Originally Posted by wordofi
Am I the only one who thinks that having more than one franchise player on a team is a bad idea?
Take a look at the Heat. James and Wade still haven't figured out how to play together because they're essentially the same player, and neither has a 3 point shot. They should have only gotten Wade, Bosh, and Miller.
The same thing can be said of the Knicks. They have Anthony and Stoudemire. They score 50 points combined, which doesn't leave a lot of opportunities for anybody else.
What both teams have in common is that they have no bench, and they have more than one alpha male. I really think it's better when you have just one franchise player (like the Lakers, Magic, Thunder, Mavericks, etc.). Am I the only one who thinks this way?
Think back to the Celtics Big Trio- essentially Three Franchise Players in one package. You have to REEEEEEAAAAAALLLLLLLY stretch things a bit to eliminate any of them from said label- age, effectiveness, inability to guide teams to titles, etc- so they're all top guys.
And they prove that a Multiple Franchise Guy system CAN work, but that it takes considerably more effort than just showing up.
Okay, I'm editing so I can properly explain my point. Here's what you want in a 'Multiple Star'-style roster;
1. Your Stars must have skillsets that compliment one another.
1a. If Stars do not have complimentary games, one or more Stars must 'shift' their game to fill in what is needed.
2. Your Stars must establish the pecking order between themselves so they know who the primary Alpha Dog is and who can fill in if said Alpha Dog is forced to leave the game.
3. Your Supporting Cast- typically scrubs or ring chasers- need to possess quality skills that compliment what the stars already bring to the table.
3a. Your Supporting Cast also typically needs to have at least one or two high-character guys who can have a positive effect on team chemistry.
It's a basic and simple set of rules. 1 and 2 involve the Stars properly meshing and adjusting to their new dynamic, while 3 involves just a basic guideline of what you want from the supporting cast.
The biggest problem with the Heat is rules 1 and 2. LeBron and Wade currently struggle with Alpha Dog issues and too-similar skillsets, but it's difficult to do a better job at finding a supporting cast that compliments them and Bosh based on what was available. A ton of warm bodies at the 5? Check. Perimeter Shooters? Check, believe it or not.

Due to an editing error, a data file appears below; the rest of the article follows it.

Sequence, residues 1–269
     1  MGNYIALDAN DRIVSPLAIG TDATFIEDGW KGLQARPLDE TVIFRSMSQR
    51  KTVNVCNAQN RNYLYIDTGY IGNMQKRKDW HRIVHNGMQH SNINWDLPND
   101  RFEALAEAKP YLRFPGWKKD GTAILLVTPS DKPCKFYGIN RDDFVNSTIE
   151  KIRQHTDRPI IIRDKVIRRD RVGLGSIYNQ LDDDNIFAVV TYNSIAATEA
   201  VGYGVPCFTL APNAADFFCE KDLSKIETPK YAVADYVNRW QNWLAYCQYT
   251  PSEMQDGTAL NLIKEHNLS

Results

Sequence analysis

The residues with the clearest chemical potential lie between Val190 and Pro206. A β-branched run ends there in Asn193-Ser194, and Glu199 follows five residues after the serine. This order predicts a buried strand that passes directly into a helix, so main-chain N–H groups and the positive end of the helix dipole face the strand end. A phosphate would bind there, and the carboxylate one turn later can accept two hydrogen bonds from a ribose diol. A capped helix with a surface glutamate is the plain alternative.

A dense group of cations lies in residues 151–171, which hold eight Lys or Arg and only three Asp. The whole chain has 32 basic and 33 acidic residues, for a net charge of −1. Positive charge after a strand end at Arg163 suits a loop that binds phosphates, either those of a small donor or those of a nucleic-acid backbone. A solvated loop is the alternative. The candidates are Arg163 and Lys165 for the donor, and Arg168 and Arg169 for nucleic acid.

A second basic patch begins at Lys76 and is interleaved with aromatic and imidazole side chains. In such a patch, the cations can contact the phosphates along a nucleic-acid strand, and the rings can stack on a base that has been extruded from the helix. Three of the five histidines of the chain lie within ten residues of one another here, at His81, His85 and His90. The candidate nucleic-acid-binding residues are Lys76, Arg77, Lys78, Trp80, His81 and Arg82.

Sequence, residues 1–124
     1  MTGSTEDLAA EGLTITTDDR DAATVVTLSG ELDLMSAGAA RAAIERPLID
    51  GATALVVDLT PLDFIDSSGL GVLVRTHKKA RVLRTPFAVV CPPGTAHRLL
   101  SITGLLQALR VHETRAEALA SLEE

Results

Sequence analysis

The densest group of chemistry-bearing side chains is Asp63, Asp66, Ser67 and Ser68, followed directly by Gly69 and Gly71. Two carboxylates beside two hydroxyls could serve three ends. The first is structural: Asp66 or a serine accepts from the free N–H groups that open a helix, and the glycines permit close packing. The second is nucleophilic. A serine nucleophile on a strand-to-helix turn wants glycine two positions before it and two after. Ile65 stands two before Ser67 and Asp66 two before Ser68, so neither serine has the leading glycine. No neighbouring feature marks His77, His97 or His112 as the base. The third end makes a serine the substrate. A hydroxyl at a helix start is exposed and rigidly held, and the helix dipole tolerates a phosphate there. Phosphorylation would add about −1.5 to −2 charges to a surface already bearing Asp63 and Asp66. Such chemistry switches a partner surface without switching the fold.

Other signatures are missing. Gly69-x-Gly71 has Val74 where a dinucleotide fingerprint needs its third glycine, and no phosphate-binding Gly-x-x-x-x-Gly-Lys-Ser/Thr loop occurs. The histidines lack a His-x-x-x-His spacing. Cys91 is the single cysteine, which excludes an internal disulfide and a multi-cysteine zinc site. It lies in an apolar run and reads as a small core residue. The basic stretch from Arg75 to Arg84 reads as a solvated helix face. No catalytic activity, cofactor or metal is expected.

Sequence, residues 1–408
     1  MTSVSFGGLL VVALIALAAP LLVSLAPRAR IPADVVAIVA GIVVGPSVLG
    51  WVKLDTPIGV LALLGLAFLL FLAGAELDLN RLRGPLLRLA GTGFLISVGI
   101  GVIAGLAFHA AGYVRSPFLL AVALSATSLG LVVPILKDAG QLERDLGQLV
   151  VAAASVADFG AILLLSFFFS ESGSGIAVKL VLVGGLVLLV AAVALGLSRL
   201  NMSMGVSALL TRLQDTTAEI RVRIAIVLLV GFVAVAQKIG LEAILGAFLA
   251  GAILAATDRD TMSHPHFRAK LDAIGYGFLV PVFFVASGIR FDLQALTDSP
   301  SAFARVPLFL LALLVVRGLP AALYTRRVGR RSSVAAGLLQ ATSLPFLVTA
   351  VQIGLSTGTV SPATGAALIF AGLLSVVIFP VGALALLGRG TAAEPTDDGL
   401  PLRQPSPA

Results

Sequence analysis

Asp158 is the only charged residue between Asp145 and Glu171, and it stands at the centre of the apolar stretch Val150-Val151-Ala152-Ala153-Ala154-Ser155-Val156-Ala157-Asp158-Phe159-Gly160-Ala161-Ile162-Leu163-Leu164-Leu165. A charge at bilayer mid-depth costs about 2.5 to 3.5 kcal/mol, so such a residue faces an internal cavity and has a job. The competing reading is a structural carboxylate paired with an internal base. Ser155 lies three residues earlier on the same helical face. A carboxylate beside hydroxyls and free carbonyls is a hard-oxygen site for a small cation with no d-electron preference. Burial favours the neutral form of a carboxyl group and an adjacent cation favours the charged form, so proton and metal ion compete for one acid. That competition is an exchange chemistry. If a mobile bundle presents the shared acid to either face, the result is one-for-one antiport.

Two things could've potentially happened differently. First, they could've saved money spent on Mike Miller- you gotta figure at least one or two scrubs could've been had for cheaper money and similar perimeter production- and put it towards a higher quality 5. This is assuming one was available. Second was finding one of those Glue Guys, like James Posey for Boston's 08 title team. Again, this is subjective to the idea that someone like that existed in the Free Agent Pool and that someone could've off-set whatever Ego problems LeBron and company brought to the table.
They have these problems and they still have a hot record and are a dangerous team no matter what night it is, and at the very worst they look like they could use a standard off-season tune-up of the supporting cast, if not a rapid shifting of play philosophy from either one of the Big 2.
New York is in the same boat, only they butchered the majority of the Supporting Cast to get Anthony, and are more or less just treading water until the off-season, when they can start stockpiling bench players again. Then again, they're ahead in one key factor; Stoudemire has essentially changed himself in terms of attitude if not his actual game and went balls-out back when he was the only star. If Melo is anything close to smart he'll follow that example.
And then there's Boston.
You start off with Paul Pierce and get Kevin Garnett and Ray Allen in a series of trades which don't totally drain the bench. Right off the bat these guys score a Grand Slam because all three have perfectly complimentary games between one another, and all three became hardwired to win titles and were willing to sacrifice what it took to get there. Think of an intagible weakness one of them may have had, and you'll probably find it as a strength in another, if not both of the other two. Same for the game. Garnett plays up close- more High Post than Low Post but it's still a close-up game. Allen's the deadeye shooter bombing threes from all over. And Pierce works in-between much like your typical perimeter Superstar.
And their bench? Posey was the ultimate Glue Guy. They had a series of big bodies down low to compliment Garnett, they had Rondo at his embryonic stage when all he needed to do was bring the ball up and dish- and look how he turned out! Then they had Eddie House back when he was still effective raining threes at the point and they almost got Reggie freaking Miller to be Allen's understudy for 10-15 minutes a pop!
Yeah, the 'One Superstar' formula is tried and tested and what-not, but it's not the be-all end-all of basketball roster strategy. You can win with a multiple-star format, or even a no-superstar format. I grant you, it takes much more effort to construct the right team and coach them, but it's doable.